of the average photoelectrons is N, we can use the formula
P(m,N)

- N ~ 9 e-N /m!

to estimate the probability P(m, N) for getting m photoelectrons. So we can calculate the probability for getting one photoelectron at least:
P(!)

LP~m,N)

1.-P(O,N)

1 - e -iv .

m=l

Table 2 shows the estimation of the detection probabilities and return rates using
three different wavelengths for Lageos ranging.
In the above calculation, we assumed that the laser beam hits the satellite without
Copyrightby Sciencein China Press 2004

A Raman laser system for multi-wavelength satellite laser ranging

743

t r a c k i n g errors, and n e g l e c t e d the i n f l u e n c e o f laser b e a m w o b b l i n g b e c a u s e the w o b b l i n g is m u c h s m a l l e r t h a n d i v e r g e n c e angle.
Table 2 Estimation of the detection probabilities and return rates using three wavelengths for Lageos ranging
Wavelength

S

0.68 ~tm

7 mJ

3.6•

0.53 gm

10 mJ

2.87<10

0.43 gm
3

E

2 mJ

2.37<10

18
18
18

T

rl

N

P(1 )

0.60
0.55

22%

5.83

99.7%

20%

4.95

99.3%

0.50

15%

0.50

39.4%

Conclusion
The Raman

laser s y s t e m d e v e l o p e d b y the j o i n t g r o u p o f the S h a n g h a i A s t r o -

n o m i - c a l O b s e r v a t o r y and the C z e c h T e c h n i c a l U n i v e r s i t y f o r t h e m u l t i - w a v e l e n g t h satellite laser r a n g i n g c a n p r o d u c e t h r e e - w a v e l e n g t h lasers. T h e p u l s e e n e r g y c a n m e e t the
n e e d o f t h e satellite r a n g i n g . It has b e e n s h o w n f r o m the t h e o r e t i c a l a n a l y s i s that the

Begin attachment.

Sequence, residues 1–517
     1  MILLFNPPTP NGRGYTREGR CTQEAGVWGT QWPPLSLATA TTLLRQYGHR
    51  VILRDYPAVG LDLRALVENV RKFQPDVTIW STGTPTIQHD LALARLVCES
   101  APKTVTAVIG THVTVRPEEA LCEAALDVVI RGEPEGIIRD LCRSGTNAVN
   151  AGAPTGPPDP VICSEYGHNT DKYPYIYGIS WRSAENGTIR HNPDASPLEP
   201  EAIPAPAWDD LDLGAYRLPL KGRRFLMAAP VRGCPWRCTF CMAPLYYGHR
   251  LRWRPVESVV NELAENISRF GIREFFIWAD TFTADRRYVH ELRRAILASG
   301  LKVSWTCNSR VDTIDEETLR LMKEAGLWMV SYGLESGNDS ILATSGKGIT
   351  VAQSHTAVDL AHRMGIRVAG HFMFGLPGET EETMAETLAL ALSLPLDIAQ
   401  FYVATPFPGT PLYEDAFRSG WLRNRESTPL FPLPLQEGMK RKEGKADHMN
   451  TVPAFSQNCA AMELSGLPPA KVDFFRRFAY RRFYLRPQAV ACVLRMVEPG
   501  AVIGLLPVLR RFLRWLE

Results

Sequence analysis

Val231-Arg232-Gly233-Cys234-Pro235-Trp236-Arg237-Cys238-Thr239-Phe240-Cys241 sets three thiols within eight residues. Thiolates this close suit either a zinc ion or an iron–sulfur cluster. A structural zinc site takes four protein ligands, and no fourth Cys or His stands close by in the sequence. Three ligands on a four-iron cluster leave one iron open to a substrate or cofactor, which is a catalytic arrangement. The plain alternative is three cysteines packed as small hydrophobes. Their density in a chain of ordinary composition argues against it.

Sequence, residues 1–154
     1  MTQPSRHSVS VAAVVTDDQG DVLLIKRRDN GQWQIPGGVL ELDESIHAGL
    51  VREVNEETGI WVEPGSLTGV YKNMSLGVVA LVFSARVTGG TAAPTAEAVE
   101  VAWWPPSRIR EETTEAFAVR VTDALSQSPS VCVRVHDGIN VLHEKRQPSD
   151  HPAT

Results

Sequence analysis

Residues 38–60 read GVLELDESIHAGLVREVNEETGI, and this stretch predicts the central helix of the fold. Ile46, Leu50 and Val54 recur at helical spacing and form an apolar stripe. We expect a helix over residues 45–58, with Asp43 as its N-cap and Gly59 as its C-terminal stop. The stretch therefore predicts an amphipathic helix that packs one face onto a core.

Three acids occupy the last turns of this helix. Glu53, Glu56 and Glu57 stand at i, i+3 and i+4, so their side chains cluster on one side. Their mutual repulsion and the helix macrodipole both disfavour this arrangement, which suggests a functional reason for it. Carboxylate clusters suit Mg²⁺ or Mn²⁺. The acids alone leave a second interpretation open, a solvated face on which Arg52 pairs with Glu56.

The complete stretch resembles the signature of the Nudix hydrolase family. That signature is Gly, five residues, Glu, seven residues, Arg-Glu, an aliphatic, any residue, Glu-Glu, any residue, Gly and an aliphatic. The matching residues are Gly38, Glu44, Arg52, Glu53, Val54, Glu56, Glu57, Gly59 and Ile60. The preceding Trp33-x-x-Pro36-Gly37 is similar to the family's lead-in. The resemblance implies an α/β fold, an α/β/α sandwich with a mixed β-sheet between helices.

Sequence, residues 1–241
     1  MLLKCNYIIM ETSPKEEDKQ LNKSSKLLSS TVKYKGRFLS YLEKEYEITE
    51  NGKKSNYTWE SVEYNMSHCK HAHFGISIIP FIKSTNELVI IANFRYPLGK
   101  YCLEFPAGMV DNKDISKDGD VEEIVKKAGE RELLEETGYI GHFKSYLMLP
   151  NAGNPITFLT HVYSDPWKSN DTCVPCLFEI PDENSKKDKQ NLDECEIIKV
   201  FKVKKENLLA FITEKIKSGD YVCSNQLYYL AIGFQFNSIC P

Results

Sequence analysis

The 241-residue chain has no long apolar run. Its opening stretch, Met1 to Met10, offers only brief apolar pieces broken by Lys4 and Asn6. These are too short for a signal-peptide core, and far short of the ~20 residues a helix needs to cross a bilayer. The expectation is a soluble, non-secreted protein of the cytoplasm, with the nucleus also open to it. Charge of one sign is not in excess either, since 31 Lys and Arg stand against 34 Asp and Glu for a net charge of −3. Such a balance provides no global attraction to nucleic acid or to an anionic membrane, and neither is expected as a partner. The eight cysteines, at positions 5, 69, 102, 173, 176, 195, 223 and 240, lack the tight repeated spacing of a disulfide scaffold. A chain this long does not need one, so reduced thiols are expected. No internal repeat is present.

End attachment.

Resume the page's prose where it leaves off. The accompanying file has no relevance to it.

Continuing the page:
lowest detection probability reaches about 39%.
Acknowledgements
We wish to thank Dr. Jean Gaignebet, OCA Observatory, France, for presenting the excel-lent Ramml cell to us, which was developed by himself. We also appreciate the helpful discussion and help from
our colleague, Chen Wanzhen. This research is supported by the National Natural Science Foundation of China
(Grant Nos. 10373022, 10173018).
References
1.

2.
3.
4.
5.

6.
7.

1. Yang Fumin, Chen Wanzhen, Zhang Zhongping et al., Satellite laser ranging experiment with
sub-centimeter single-shot ranging precision at Shanghai Observatory, Science in China, Ser. A, 2002, 32(10):
935--939.
2. Degnan, J. J., Millimeter accuracy satellite laser ranging: A review, Contributions of Space Geodesy to
Geo-dynamics: Technology, Oeodynamics Series, AGU, 1993, 25: 133--162.
3. James, B., Abshire, Pulsed multi-wavelength laser ranging system for measuring atmospheric delay, Applied Optics, 1980, 19(20): 3436 3440.
4. Hamal, K., Blazej, J., Prochazka, I. et al., Lasers for Multi-wavelength Satellite Laser Ranging: Proceedings office 13th International Workshop on Laser Ranging, Washington D.C., NASA/CP-2003-212248, 2003.
5. Kirchner, G, Koidl, F., Hamal, K. et al., Multiple Wavelengths Ranging in Oraz: Proceedings of the 9th
In-ternational Workshop on Laser Ranging Instrumentation, Vol. 3, Canberra: Australian Government Publishing Service, 1994, 609 614.
6. Hamal, K., Blazej, J., Prodlazka, I., Eye Safe Ramml Laser: Proceedings of the 10th International Workshop on Laser Ranging Instrumentation, Shanghai: Shanghai Observatory, 1996, 344 348.
7. Yang Fumin, Xiao Chikun, Chen Wanzhen et al., Design and observations of satellite laser ranging system
for daylight tracking at Shanghai Observatory, Science in China, Ser. A, 1998, 28(11): 1048--1056.